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Why Don't More Americans Use Bidets?

The first time you use a bidet, you’re left with a few questions. Questions like: Where can I get one of these? And: Hold on, why don’t more Americans use bidets? Why has it taken us so long to see the light? Why are bidets not popular in America? 


Let’s look at the history of bidet use in America to see why a device that’s standard around the world has taken so long to catch on here.  


Early misconceptions


Any student of bidet history will tell you that the bidet was invented in France in the early 16th century. Once indoor plumbing came into play, bidetmania spread across the globe, with countries in Western Europe, Latin America, the Middle East, and Asia embracing this new method of getting clean. 
But not everyone was on board. While bathrooms in other countries were getting decked out with standard basin bidets hooked up to their plumbing, people in Britain and America were worried about the morality of such a contraption. That’s because people used to be under the (very incorrect!) assumption that douching was a form of birth control, so uptight Brits and Americans associated the bidet with contraception. Its sinful reputation only worsened during World War II, when deployed soldiers encountered bidets in European brothels. 


The rise of the washlet


In the 1960s, entrepreneur Arnold Cohen asked himself, “Why don’t more Americans use bidets?” According to his research, 99% of Americans had never seen or heard of a bidet. Cohen, also known as “Mr. Bidet,” invented a model that worked well for small American bathrooms: a bidet toilet seat that connected to the commode to save space. Cohen was particularly excited about the device’s ability to treat hemorrhoids and other irritation; he had been motivated to create it to make his ailing father’s life more convenient and comfortable.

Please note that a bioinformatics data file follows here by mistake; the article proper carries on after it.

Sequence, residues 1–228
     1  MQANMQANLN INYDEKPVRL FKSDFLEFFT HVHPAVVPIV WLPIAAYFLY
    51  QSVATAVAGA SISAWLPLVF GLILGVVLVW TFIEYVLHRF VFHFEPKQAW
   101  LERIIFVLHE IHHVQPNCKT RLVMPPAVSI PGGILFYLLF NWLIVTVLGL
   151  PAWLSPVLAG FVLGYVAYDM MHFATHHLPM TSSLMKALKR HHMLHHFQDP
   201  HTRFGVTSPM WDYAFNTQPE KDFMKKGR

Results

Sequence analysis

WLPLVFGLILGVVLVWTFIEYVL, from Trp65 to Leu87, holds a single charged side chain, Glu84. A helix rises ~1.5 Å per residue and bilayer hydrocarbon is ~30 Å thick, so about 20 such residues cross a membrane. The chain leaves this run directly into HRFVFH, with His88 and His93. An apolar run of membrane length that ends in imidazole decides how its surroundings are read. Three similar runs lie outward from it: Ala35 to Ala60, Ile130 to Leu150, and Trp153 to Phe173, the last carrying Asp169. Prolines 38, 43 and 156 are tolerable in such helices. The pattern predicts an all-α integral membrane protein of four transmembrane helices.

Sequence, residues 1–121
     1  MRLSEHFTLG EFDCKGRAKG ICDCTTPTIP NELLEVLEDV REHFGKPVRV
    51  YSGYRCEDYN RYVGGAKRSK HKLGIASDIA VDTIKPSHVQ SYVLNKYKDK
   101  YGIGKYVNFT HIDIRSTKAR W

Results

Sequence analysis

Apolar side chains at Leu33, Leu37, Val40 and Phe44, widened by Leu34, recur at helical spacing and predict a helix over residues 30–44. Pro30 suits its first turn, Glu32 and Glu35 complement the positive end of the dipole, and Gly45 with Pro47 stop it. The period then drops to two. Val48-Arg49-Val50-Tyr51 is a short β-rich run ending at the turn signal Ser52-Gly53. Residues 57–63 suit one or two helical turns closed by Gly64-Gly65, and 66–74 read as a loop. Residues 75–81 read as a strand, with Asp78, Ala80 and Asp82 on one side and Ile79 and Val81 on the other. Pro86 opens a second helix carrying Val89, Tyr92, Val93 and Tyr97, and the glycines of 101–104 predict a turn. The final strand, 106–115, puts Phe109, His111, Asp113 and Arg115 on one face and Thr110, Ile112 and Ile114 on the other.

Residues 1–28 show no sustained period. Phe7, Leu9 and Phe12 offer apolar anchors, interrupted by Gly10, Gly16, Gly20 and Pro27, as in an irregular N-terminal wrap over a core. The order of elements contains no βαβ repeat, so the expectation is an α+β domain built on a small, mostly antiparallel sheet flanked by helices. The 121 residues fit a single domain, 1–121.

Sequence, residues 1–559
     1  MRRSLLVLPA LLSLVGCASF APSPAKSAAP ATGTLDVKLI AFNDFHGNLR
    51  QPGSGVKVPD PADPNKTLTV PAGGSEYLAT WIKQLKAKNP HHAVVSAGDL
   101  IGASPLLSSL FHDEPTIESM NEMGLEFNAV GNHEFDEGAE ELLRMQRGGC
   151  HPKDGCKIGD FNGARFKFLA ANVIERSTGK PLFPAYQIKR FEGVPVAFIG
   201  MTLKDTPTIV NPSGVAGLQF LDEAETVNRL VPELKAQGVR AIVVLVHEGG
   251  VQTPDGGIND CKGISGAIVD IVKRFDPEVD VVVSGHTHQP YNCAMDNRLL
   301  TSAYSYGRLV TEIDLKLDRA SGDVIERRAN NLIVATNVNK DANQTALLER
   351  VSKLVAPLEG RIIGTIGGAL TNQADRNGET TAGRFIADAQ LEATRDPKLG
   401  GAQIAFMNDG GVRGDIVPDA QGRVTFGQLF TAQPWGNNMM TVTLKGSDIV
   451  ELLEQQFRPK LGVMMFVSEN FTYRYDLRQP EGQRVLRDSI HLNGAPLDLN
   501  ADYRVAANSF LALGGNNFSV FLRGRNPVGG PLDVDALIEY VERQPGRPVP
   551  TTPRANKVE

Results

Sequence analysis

Unfortunately for Mr. Bidet, Americans were still too squeamish to embrace his model. “Nobody wants to hear about Tushy Washing 101,” he complained. While bidet use in America didn’t take off, his model did catch on somewhere else: Japan. Toto, a Japanese company, began to sell what they called “washlets” in the 80s. They were a hit, but America stayed in the hygienic Dark Ages. Americans looking for a fresher way to get clean turned to wet wipes, despite their negative impact on the environment


Bidet use in America today


Okay, so that was then. But what about now? Are bidets common in America now that our society is presumably more enlightened? Luckily for a new generation of butts, the answer is yes. Now that it’s not as taboo to talk about, Americans are realizing that the bidet is better for the environment and your wallet. Plus, the simple bidet attachment makes it easier than ever to have a bidet in your own home. Americans can finally enjoy the fresh, clean feel that other countries have loved for centuries. 

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